Thankfully the rain just about held off today, and last night’s thunderstorms softened the ground just enough to make digging easier and less dusty than yesterday, not to mention giving our brick floors a handy rinse.
The southern extension to trench 2 made good progress today and is almost finished, uncovering more of the hardy brick surface within our palace building.
The upper floor surface has been truncated in a rough line across the length of the trench revealing, as we suspected earlier in the week, another brick floor beneath.
Similarly to the floor above it, this surface has bricks laid in more than one orientation and also has signs of repair and patching to it (perhaps one of the reasons a new floor was eventually laid on top). There may also be tentative signs of burning on the lower floor, but this will need closer examination tomorrow.
At the east end of trench 2 the large wall was fully excavated, including the disturbed remains of a few roof tiles, clearly deliberately laid along the front of the wall. We think this may be the remains of the base of a small drain set along the front of the original building.
Altogether, the structures in trench 2 are very complex and multi-phased and interpreting their relationships to each other will take some time. At the moment, we think the large wall (pictured) is the earliest phase, representing the original east end of the building, belonging to Sir Thomas Lovell’s palace, circa 1490-1524, which was later remodelled probably by Henry VIII circa 1540, which involved demolishing the wall (probably to extend the building) and relaying the floor on top of it.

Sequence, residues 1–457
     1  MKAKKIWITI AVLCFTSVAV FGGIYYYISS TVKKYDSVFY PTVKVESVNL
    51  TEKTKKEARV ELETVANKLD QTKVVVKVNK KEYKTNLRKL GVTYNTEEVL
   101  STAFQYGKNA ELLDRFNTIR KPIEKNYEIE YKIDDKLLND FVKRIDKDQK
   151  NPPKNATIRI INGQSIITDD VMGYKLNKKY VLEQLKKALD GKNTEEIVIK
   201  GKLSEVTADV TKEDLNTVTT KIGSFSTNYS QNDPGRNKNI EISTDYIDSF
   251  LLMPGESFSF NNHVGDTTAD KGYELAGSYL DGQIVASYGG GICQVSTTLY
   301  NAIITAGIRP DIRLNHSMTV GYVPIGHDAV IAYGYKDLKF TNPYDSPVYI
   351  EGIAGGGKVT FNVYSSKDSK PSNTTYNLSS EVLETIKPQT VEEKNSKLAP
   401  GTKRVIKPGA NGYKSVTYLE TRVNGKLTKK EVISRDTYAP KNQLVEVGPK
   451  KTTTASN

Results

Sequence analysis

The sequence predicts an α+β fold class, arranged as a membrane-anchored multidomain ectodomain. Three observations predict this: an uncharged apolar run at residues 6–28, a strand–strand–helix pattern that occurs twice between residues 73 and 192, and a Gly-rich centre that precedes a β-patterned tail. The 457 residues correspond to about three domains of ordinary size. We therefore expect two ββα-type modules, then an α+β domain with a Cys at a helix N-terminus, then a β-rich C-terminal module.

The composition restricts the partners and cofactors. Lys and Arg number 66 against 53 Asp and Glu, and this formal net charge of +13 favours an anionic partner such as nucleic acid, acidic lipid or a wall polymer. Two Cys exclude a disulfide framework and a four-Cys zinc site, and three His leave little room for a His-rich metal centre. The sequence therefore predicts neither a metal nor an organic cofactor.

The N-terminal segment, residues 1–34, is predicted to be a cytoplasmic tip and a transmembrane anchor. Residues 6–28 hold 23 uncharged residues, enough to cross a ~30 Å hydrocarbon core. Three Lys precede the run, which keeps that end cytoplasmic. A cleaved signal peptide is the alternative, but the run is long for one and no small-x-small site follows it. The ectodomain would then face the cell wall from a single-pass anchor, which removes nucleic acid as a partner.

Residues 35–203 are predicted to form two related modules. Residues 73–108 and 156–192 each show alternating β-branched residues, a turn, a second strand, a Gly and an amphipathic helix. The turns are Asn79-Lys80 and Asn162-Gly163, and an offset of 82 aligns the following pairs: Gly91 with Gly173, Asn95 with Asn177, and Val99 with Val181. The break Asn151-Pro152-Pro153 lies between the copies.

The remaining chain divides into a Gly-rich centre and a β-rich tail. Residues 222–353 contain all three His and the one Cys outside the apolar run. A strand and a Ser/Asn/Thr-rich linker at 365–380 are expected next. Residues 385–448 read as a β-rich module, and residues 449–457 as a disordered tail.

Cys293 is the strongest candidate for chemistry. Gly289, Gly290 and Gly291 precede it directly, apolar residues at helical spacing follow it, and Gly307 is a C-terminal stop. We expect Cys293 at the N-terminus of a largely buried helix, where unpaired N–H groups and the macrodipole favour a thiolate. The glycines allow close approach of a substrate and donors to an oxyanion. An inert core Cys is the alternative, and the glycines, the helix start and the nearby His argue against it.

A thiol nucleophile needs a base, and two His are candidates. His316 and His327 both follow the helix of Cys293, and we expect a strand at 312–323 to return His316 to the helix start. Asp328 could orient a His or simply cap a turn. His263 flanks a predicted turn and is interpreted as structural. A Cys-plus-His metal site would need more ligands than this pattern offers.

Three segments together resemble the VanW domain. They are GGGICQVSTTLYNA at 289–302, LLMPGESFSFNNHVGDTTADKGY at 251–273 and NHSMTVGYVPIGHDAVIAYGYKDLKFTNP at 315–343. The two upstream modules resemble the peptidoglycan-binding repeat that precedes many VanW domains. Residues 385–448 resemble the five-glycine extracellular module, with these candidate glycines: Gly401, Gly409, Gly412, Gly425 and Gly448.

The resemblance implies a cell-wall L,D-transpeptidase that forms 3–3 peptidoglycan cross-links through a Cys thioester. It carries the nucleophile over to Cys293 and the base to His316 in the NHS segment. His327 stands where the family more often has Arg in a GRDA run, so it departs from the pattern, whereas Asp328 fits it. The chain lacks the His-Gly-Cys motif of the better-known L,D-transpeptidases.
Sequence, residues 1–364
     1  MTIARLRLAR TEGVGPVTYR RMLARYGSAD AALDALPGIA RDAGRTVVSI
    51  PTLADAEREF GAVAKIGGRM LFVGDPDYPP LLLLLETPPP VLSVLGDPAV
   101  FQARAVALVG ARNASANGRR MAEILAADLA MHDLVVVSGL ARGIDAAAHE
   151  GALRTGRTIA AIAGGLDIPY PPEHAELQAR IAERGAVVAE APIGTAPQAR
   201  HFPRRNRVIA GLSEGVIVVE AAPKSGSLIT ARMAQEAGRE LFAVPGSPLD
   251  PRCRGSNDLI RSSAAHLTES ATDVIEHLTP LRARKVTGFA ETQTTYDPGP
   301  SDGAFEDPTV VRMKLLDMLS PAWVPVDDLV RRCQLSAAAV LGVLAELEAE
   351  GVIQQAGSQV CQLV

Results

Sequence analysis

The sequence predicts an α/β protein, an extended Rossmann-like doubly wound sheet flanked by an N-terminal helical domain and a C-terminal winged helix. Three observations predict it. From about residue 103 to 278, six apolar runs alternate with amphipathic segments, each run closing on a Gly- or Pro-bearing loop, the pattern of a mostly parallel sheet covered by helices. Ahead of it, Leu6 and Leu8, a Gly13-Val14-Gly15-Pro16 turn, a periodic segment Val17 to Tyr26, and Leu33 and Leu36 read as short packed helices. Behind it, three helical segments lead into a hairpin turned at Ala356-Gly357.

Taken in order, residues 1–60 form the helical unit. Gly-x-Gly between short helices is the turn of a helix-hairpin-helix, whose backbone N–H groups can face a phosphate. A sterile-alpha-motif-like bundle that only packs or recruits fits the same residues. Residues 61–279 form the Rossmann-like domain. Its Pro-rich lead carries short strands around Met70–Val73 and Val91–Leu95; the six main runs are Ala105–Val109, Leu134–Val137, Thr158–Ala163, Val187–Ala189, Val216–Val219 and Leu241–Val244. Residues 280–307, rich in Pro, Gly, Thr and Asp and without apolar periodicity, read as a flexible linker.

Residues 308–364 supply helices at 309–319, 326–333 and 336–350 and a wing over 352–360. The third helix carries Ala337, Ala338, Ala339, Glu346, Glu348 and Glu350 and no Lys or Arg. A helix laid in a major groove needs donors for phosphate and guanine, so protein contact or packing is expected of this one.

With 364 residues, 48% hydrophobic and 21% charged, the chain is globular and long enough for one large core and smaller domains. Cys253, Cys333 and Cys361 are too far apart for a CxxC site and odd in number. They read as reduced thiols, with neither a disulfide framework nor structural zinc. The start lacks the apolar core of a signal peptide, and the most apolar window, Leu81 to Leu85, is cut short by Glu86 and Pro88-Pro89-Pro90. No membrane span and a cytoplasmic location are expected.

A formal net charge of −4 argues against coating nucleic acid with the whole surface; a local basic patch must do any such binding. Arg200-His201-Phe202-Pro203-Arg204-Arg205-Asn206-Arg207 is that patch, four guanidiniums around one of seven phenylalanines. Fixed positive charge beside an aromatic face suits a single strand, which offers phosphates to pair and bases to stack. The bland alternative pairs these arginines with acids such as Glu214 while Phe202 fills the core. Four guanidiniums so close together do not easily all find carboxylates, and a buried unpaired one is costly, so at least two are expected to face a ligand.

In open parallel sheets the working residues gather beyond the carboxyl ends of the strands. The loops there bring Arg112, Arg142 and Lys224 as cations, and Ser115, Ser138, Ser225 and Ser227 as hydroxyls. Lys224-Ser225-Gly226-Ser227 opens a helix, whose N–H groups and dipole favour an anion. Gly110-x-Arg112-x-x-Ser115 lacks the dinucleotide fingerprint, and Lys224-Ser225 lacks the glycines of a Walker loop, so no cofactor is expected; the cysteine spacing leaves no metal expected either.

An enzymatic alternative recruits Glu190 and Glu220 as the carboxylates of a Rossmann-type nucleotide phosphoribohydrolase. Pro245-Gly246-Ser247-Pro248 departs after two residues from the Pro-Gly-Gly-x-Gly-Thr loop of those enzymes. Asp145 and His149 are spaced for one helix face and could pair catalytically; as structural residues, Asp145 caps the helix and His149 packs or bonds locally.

As mentioned yesterday, this year’s dig has turned up quite a lot of stoneware fragments including pieces of decorated ‘Bartmann’ jugs, and today while drawing the north section of trench 2 we had a pleasant surprise when the bearded man himself put in an appearance (pictured).
Initial research has suggested that the stoneware fragment we found yesterday with the image of a man may also come from a Bartmann jug, which is quite unusual given that it is decorated in multi colour glaze (Bartmann jugs typically being monochrome).
The face on this fragment is quite a distinctive elongated shape,
which should be highly dateable.
Trench one continues to throw curveballs - what we thought was the robbed out remains of a wall footing paralell to our large drain is now in fact almost certainly another drain, having been very severly disturbed by the roots of a now absent tree.
This new drain runs almost at ninety degrees to the larger one - a trench extension this afternoon established that the large drain truncates the smaller one, so must be later. As in trench 2 we think this may be more evidence of Henry VIII’s remodelling of the palace some time after 1540.
Since the smaller drain has been cut through by the larger, we may
further extend the trench in this area to see if and where it continues
on the far side of the large drain.
Every now and then we’re given a welcome reminder that the Tudors were far from the first people to live in Forty Hall - today this came from the extension to the drain trench, which produced a lovely flint tool.
Prehistoric hunter-gatherers are known to have lived at least briefly in this area of Enfield particularly in the late Neolithic/Early Bronze age, but this tool is probably earlier being typical of the kind of tool produced in the Mesolithic period, around 7,000 to 11,000 years ago, making Henry VIII seem like yesterday!